Difference between revisions of "Speedruns"

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[[Player Augmentations]] make [[Speedruns]] easier and may be seen as cheats if the execution is seen as a primary component of performing a particular [[Speedruns|Speedrun]] (as compared to finding out how it can be made).
[[Player Augmentations]] make [[Speedruns]] easier and may be seen as cheats if the execution is seen as a primary component of performing a particular [[Speedruns|Speedrun]] (as compared to finding out how it can be made).
<ref name="Scully-Blaker">Scully-Baker describes two types of [[Speedruns]]: ''finesse'' and ''deconstructive''. While the first relies on speedrunners behaving like "ideal" players and thereby complying to design intentions, the deconstructive speedruns makes use of glitches. Thus, games can be design to support ''finesse'' [[Speedruns]] but

Revision as of 08:15, 6 November 2019

The goal of completing a game or a part of a game where time is the most essential measure of success.

Many games, e.g. racing games, depend on completing some activity as quickly as possible. Even so, after one has manage to be the quickest one can try to be better than one was previously or quicker than others have been in other game or play sessions. Similarly, if one has managed to complete a game or a section of a game that didn't depend on time one can have a new challenge in trying to solve the same part quicker. Such attempts are called Speedruns.

Note: Although it is common to differ between the voluntary speed challenges of Speedruns and those required by rules in racing games, this pattern make not distinction between the two as the design options between requiring or encouraging them is minimal.


Skilled players of the arcade version of Pac-Man managed to reach what has turned out to be the maximum score due to a software bug. The first such perfect score took about 6 hours, but players have found challenges in trying to do this quicker and in 2010 the time has been shaved to less than 4 hours[1].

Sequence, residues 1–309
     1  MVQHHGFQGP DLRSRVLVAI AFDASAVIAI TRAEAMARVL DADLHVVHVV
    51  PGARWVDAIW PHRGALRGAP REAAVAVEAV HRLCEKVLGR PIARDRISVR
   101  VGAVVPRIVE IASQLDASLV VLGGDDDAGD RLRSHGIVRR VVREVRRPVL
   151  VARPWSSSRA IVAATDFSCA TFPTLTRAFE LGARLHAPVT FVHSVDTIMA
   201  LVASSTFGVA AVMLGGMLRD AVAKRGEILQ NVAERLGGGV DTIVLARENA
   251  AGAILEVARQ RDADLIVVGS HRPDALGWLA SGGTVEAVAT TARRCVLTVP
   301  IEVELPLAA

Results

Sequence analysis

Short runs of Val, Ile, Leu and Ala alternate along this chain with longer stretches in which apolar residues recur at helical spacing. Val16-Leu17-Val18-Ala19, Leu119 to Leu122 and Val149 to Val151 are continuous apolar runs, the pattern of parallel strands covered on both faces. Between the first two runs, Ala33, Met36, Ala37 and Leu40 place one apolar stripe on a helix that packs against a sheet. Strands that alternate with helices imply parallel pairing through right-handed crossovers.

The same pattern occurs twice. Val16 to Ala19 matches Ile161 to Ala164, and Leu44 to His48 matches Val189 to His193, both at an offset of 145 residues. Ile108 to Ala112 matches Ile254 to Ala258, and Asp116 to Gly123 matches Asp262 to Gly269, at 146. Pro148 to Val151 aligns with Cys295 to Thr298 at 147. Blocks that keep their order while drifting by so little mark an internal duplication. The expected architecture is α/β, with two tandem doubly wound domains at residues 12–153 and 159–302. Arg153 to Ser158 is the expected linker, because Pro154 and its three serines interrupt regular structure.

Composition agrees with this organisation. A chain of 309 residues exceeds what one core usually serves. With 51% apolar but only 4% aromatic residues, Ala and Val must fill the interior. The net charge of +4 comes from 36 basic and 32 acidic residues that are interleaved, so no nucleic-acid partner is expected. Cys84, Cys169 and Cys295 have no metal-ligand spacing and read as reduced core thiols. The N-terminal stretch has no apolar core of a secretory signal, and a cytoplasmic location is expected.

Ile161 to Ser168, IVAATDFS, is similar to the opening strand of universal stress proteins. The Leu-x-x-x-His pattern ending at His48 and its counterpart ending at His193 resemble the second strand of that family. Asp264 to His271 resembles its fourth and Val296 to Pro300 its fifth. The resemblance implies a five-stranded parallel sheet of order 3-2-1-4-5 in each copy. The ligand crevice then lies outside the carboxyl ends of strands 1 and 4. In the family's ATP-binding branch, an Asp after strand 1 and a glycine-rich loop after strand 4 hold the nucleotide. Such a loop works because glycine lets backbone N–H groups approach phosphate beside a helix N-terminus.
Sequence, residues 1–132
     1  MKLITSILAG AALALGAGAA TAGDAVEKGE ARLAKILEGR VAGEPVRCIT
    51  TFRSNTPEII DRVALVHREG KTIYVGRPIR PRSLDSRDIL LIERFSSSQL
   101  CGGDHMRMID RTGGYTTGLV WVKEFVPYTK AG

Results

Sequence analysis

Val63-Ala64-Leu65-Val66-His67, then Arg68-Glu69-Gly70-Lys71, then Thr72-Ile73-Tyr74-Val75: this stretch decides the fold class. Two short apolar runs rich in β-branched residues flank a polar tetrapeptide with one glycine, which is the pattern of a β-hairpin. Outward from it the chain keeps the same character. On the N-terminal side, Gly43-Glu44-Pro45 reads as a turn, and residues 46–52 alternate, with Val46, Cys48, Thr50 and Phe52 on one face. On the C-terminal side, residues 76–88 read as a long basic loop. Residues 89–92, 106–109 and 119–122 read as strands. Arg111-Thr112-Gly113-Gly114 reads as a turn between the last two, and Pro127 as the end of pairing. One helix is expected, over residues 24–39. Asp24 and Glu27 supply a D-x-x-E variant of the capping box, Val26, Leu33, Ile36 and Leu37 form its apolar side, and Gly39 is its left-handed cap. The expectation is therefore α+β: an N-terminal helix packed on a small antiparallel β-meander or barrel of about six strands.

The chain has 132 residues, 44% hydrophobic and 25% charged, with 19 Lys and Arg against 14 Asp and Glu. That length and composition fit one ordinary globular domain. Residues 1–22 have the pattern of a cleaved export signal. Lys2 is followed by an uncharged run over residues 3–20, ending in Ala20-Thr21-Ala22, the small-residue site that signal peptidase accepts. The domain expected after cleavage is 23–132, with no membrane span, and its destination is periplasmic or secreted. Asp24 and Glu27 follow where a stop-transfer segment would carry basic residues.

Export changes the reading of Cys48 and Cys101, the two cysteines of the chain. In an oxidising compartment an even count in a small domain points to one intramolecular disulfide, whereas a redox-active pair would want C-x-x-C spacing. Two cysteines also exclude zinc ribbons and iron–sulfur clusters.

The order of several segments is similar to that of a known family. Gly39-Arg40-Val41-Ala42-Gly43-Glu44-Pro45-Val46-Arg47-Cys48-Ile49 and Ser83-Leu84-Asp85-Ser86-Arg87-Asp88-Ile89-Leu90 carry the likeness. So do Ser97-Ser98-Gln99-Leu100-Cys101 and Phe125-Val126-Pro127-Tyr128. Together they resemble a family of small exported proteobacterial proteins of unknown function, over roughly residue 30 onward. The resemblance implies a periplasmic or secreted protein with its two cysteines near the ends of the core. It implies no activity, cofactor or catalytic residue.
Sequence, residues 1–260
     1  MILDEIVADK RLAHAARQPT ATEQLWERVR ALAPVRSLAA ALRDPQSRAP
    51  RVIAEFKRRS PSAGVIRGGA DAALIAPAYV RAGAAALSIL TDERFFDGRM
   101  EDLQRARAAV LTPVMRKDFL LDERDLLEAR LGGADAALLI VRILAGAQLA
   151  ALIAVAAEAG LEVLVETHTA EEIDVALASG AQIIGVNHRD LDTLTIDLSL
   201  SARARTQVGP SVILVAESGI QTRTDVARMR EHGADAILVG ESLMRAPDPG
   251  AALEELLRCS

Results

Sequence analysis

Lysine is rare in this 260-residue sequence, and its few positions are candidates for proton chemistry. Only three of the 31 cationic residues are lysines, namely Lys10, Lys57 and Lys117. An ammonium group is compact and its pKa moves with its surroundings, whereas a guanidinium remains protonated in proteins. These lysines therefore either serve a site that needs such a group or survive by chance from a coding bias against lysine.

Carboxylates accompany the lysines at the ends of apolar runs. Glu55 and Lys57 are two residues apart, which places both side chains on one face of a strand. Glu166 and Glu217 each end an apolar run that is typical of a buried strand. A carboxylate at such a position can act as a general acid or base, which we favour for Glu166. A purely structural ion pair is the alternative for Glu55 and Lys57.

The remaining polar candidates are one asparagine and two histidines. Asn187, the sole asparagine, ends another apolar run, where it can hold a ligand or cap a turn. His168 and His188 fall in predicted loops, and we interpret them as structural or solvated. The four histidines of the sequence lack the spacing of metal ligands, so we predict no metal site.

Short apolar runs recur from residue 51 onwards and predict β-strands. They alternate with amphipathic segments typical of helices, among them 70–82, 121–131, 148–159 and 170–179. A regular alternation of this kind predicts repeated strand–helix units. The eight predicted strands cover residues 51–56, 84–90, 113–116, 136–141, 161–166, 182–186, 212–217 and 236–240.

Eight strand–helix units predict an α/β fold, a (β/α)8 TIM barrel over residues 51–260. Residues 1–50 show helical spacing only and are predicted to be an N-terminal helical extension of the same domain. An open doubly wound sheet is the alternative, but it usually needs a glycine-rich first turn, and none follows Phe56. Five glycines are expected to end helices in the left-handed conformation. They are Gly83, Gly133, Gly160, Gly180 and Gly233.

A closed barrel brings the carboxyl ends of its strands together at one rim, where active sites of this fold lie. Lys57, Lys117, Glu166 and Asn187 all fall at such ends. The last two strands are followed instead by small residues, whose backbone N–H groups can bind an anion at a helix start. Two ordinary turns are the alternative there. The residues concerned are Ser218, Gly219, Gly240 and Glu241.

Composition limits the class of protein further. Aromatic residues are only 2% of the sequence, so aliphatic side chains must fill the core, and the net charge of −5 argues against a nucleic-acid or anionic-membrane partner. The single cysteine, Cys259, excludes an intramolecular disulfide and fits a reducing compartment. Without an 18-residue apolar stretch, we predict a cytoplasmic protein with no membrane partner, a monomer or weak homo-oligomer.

Racing games such as the Need for Speed series and the Mario Kart series let players try to beat previously time lap records, and so does the 'parkour' game Mirror's Edge. For the Mario Kart series, players can in the Time Trial mode compete against the ghosts of others players' (and the developers') performances and for internet connected versions even download performances to compete against.

The number of stars collected for completing a puzzle in Cogs depend on number of moves and time. Since the unlocking of new levels only depend on total number of stars, players can proceed to complete all levels and later return to fully complete specific levels as a form of Speedrun.

A wiki devoted to Speedruns, Speedrunwiki, exists. Wikipedia also as a page for speedruns[2].

Using the pattern

Speedruns requires the setting of Time Limits for some other goal. These can be explicit set by designers which works well with making them parts of Goal Hierarchies (as in Cogs) or Handicap Achievements (as for the Bridge over Trebled Slaughter Achievement in Left 4 Dead 2). Another solution is to make them depend on the players own previous performances, which can provide a form of Smooth Learning Curves since inexperienced players only need to beat the performances of inexperienced players and let them gradually develop Gameplay Mastery.

Real-Time Games are a prerequisite for Speedruns. This since minimizing time consumption in games that have other ways of measuring times, e.g. by counting turns use in a Turn-Based Games, is more accurately described as a Puzzle Solving activity. Portal is an interesting case for this since it can be seen as an example of both these cases - players can try to solve Levels as quickly as possible in Speedruns but also try to solve Levels in as few steps or portal uses.

Like other cases where players performances are used to create Gameplay Statistics, the pattern require Dedicated Game Facilitators to ensure that completed Speedruns are trustworthy for people not present when the Speedruns occurred. Replays can be used to let others view the Speedruns whenever it suits them as long as means exist to share them.

Player Augmentations make Speedruns easier and may be seen as cheats if the execution is seen as a primary component of performing a particular Speedrun (as compared to finding out how it can be made).

Cite error: Closing </ref> missing for <ref> tag [2] [3] </references>


Rasmus Tomasson (for pointing out the Scully-Baker paper)
  1. Cite error: Invalid <ref> tag; no text was provided for refs named Pac-Man
  2. 2.0 2.1 Wikipedia entry for the Speedrun concept.
  3. Scully-Baker, R (2014). A Practiced Practice: Speedrunning Through Space With de Certeau and Virilio, Game Studies, Vol. 14, No. 1.